The BBC has announced a substantial increase inits intended film production and acquisition budget.
All of the proposed investments are subject tothe favourable settlement of the current licence fee negotiations but the broadcaster says its new plans could mean an investment of $522m (£300m) to British film over its next 10-year charter period.
If approved, the investments would mean:
* Starting in April 2007, an increase in the BBC's film production budget from the current $17m (£10m) a year to $26m (£15m)
* Subject to a review in 2008, a further budget rise to $35m (£20m) per year.
* A guaranteed extra $8.7m (£5m) per year, or $87m (£50m) between 2007 and 2017 for acquisition of British films for BBC channels - the first timeit has guaranteed a spend for film acquisitions.
* Additional growth in the acquisition budget, potentially reaching $17m (£10m) per year.
Whilethe industry can certainly benefit from increased production funding, theraising of the BBC's acquisition budget (currently about £6m per year on allfilms going up to £11m per year) is especially encouraging for Britishfilm-makers who now have more likelihood of selling their film to television.
TheBBC also noted that it planned to acquire British films for its flagshipchannels BBC1 and BBC2, not just for its smaller channels.
Whilethe amount of money is small in comparison to a Hollywood blockbuster's budget(or the license fee that currently generates nearly £3bn per year for theentire BBC), BBC Creative Director Alan Yentob hopesthat the BBC's new commitment to film spending will spur other investment inthe UK film industry.
"For every pound that we invest, that brings in otherplayers and other partners," Yentob said.
Filmssupported by this BBC strategy will be defined as British based on theDepartment of Media, Culture and Sport's new Cultural Test for British Film.
Theincreased funding won't start until 2007 so the
Inaddition to the BBC's new internal strategy for film, it announced a newpartnership with the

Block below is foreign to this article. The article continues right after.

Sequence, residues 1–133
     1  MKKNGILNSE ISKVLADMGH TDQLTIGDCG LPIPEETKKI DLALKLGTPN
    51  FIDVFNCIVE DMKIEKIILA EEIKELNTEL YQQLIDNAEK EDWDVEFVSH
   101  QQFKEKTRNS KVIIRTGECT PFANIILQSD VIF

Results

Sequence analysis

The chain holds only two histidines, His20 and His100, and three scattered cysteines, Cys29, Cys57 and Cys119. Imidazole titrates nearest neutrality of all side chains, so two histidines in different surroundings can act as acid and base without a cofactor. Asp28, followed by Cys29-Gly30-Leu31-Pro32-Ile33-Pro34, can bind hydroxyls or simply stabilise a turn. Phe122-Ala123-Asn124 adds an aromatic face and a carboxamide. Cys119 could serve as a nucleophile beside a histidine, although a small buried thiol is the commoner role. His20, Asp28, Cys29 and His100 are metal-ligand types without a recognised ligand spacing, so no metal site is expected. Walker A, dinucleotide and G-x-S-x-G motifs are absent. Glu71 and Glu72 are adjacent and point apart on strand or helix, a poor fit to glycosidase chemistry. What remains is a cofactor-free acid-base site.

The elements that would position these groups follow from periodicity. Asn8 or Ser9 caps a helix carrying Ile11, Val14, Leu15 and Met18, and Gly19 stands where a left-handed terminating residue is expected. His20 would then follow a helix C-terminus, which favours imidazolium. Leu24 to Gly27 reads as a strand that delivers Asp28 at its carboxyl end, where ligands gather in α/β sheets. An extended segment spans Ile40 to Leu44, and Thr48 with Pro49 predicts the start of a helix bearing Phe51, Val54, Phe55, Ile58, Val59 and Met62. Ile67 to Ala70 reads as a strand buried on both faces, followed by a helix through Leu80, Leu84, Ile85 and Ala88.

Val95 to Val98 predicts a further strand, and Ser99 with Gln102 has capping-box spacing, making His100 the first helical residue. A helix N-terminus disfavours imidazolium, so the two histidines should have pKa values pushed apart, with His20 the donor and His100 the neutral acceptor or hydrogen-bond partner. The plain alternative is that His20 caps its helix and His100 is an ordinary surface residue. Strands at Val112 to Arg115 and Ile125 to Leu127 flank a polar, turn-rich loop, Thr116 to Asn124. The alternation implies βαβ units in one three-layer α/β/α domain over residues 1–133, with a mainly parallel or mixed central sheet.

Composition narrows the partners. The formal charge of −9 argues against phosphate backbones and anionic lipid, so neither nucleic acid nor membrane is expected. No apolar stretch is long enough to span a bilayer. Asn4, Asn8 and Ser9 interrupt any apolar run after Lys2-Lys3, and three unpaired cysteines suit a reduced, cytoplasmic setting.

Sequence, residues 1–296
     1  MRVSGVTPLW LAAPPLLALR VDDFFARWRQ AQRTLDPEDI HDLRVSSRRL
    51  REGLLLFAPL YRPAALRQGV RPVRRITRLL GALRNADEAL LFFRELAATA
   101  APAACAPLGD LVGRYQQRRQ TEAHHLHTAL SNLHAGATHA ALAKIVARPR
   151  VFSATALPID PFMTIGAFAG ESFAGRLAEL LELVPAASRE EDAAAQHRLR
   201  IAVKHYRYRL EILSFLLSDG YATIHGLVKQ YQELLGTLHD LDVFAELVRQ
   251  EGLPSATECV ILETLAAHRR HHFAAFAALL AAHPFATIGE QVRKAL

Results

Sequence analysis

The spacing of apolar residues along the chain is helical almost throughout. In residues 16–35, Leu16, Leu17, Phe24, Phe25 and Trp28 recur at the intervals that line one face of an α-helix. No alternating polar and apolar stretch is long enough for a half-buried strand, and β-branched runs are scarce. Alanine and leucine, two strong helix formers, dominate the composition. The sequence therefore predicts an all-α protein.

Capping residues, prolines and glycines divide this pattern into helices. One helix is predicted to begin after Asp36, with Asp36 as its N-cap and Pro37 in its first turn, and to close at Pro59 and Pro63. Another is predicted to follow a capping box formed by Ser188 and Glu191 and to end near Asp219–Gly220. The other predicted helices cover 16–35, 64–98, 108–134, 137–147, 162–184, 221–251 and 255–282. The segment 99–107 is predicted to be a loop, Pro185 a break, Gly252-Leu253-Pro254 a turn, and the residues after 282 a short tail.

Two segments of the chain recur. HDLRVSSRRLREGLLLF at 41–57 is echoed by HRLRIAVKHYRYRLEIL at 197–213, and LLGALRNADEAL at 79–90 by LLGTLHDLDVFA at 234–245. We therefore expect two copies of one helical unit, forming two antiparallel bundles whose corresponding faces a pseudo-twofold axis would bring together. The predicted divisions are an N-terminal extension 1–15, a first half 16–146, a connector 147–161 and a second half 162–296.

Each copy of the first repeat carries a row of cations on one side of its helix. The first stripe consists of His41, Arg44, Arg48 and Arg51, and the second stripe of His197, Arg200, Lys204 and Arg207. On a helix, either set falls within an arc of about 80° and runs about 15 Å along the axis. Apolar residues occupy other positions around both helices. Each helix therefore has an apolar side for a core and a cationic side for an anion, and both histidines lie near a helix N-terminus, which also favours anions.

Thepartnership's two main aims will be to build enthusiasm and awareness for filmamong
"Thisis a significant step up in the investment by the BBC of money into the Britishfilm industry," said UKFC CEO John Woodward of the partnership and the BBC'snew investment strategy.
Woodward notedthat a potential $52.2m (£30m) per year could make a big difference in terms ofindigenous
In its submission to the
Yentob noted that the strategy announced today was justthe starting point but "none of us has any objections to growing that budget'We'llbe practical about growing that pot," he said.
Tim Willis, director of filmat producers group Pact, said the announcement was a positive step.
"Pact hasrepeatedly said the BBC is in a unique position to invest in and develop thewealth of talent in the British film industry and to contribute much neededventure capital to the film production sector," Willis said.
"We believe the UKFilm Council has done a good job in persuading the BBC to take this step. Thetarget level of investment, coupled with the new tax credit, should contributemeaningfully to greater sustainability in the production of British films."
"It's a fluid industry and the film and TV world will be closerand closer in the future," said Jana Bennett, director of television for
She noted thatthe strategy will include a specific film outlook for each
DavidThompson, head of
Thompsonsaid BBC Films future plans would move away from stereotypically BBC stuffydramas into "a bit more comedy and more lighter fare."They also plan to work on some larger-budget projects, such as Edge of Darkness, a thriller based onthe 1985 miniseries, being developed with director Martin Campbell that willlikely shoot in 2007.
Headded that BBC would look for projects "not based on the scale of the budget, butthe scale of ambitions."
BBC Films haspreviously worked on projects including MrsHenderson Presents, Bullet Boy, A Cock & Bull Story, Match Point, BillyElliot, and Mrs Brown.
Channel 4 said it had nocomment about the likelihood of an increased film budget at this point.